The Federal Open Market Committee’s decision to reaffirm the zero to 0.25% target range for the federal funds rate at its March meeting was based on “somewhat” moderated economic growth since January, according to meeting minutes released Wednesday.
Those minutes also showed that market participants surveyed by the Federal Reserve in March “attached the greatest probabilities” to a rate increase in June or September.
Committee members declined to specify a point for considering a rate increase, saying only they would continue to assess the progress toward objectives of maximum employment and 2% inflation. Committee members preferred the flexibility to adjust the target range for the federal funds rate “on a meeting-by-meeting basis,” the minutes said.
In their assessment of recent markets, FOMC staff said asset prices “seemed to reflect receding concerns about downside risks to the global economic outlook,” the minutes said, noting two strong U.S. employment reports and a January consumer price index release above market expectations plus “somewhat more encouraging economic news from Europe.”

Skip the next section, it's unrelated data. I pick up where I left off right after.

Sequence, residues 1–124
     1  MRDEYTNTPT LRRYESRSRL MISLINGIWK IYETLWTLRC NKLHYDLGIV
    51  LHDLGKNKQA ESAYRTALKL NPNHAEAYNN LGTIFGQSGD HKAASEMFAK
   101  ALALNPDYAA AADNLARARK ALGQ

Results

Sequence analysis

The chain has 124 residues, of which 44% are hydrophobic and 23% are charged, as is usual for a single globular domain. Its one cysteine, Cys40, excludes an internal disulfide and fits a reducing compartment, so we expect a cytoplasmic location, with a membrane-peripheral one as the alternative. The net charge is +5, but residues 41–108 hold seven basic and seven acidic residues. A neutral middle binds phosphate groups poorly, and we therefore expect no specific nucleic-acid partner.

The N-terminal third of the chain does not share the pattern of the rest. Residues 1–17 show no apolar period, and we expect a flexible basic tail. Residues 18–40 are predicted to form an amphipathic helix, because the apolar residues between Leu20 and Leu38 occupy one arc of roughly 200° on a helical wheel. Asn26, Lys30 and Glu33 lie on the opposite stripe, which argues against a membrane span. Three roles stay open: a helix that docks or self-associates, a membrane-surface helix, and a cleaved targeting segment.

With stronger-than-expected labor and inflation data, and perceptions of receding downside risks to the foreign economic outlook, “the expected path for the federal funds rate implied by financial market quotes shifted up over the period,” according to the minutes.
Several FOMC members thought normalization could be warranted at the June meeting, while others worried energy price declines and an appreciating dollar would make it later in the year. Still others thought the economic outlook would not indicate a rate increase, or liftoff,until 2016. the minutes showed.
“Most participants did agree that the committee would be highly accommodative even after liftoff,” Lindsey Piegza, chief economist with financial services firm Sterne Agee in Chicago, said in an interview.
“Remember, we’ve been going through this for five years. I just don’t see any force that’s pushing this sooner rather than later,” said Ms. Piegza, who also picked 2016 for the first rate increase.